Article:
2 min

Dancing after dessert

In The Cool, Cool, Cool Of The Evening'

Credit: Xtra files

When you first listen to Bette Midler’s zesty new CD, don’t make the same mistake I made and put it on while working retail. Trust me. Needy customers will interrupt your bopping and enrage you. My advice is to take this album to your next holiday party, clear a space on the floor, and let her rip.

Bette Midler Sings The Rosemary Clooney Songbook is the brainchild of Barry Manilow who produced the CD and arranged most of the tracks. He knows what he’s doing. Both he and his old pal Bette have long been drawn to brassy big-band boogie-woogie, so they’re comfortable working with the material that propelled Clooney to the top of the charts throughout the 1940s and ’50s.

The notion of a Rosemary Clooney tribute album is exciting rather than morbid now that she’s been gone for more than a year.

In this 11-track collection, it’s the swingin’ numbers that fare best. Full of pizzazz is “In The Cool, Cool, Cool Of The Evening” in which Bette asks the musical question, “How ’bout your brother, jackass?” She harmonizes effortlessly with Linda Ronstadt on Irving Berlin’s “Sisters,” and her playful duet with Manilow on Frank Loesser’s “On A Slow Boat To China” radiates genuine warmth. A little disappointing is the listless jazz take on “Come On-A My House,” but then out bursts “Mambo Italiano” and the fun resumes.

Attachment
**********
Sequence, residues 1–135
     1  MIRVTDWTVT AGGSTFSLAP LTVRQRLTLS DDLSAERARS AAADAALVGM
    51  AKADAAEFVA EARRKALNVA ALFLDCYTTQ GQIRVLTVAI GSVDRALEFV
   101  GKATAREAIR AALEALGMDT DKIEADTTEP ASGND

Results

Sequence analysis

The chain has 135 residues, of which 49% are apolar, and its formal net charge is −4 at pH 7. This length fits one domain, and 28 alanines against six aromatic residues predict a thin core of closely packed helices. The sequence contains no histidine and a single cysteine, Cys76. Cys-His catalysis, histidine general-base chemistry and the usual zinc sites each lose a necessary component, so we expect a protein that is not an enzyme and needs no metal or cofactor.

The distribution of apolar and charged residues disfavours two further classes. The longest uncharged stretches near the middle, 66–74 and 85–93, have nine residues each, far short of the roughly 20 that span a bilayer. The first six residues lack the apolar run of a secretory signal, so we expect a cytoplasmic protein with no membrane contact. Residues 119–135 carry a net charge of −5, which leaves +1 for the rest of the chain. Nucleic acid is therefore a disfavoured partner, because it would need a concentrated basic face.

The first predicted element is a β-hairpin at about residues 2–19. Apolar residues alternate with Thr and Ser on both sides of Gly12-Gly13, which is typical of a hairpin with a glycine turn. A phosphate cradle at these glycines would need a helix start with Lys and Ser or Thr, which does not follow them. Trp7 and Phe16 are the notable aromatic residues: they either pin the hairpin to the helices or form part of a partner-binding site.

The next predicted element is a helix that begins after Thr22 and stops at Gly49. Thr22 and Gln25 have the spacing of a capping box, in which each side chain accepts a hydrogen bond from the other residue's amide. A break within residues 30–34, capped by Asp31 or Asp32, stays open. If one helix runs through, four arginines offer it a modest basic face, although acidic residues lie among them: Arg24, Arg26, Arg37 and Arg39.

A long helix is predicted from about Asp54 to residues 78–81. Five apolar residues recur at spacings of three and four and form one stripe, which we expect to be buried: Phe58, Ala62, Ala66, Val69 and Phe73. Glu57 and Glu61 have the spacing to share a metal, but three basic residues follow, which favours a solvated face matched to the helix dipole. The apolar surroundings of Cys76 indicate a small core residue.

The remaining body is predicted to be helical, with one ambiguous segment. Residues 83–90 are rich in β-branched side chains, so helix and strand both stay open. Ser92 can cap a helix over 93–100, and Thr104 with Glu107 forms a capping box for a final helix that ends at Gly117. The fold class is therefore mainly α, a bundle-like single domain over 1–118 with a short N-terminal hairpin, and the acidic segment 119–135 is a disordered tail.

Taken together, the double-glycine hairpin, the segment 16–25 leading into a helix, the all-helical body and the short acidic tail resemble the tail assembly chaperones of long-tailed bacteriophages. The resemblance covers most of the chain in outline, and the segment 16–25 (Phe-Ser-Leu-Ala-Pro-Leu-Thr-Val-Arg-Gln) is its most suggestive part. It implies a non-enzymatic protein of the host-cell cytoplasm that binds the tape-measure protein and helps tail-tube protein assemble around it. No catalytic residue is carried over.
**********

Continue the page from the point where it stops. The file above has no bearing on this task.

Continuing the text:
My favourite track by far is track two, “This Ole House.” Manilow has re-interpreted Clooney’s jangling, novelty-song version of this Stuart Hamblen tune, and presents it as a classic country ditty, upbeat yet wistful. Accompanied by a small ensemble that includes banjo, mandolin and whistlers, Midler exudes the soulfulness that made her performance in the film The Rose so effective. When she growls “Ain’t got time to fix the shingles/ Ain’t got time to fix the floor,” you believe she’s fixed shingles and floors before.

Of course, Midler’s voice is nowhere near as rich as Clooney’s (not many voices are) and, as a result, the ballads “You’ll Never Know,” “Tenderly” and “Memories Of You” suffer a little. Fortunately, Manilow has orchestrated an up-tempo “Hey, There” for her to kvetch out. And he has positioned the tracks so that the entire CD flows beautifully. It runs about half an hour and ends with “White Christmas.” Who’s for dancing after dessert?

* Bette Midler plays the Air Canada Centre on Mon, Jan 12; call (416) 870-8000.


Bette Midler.

Columbia. $14.99.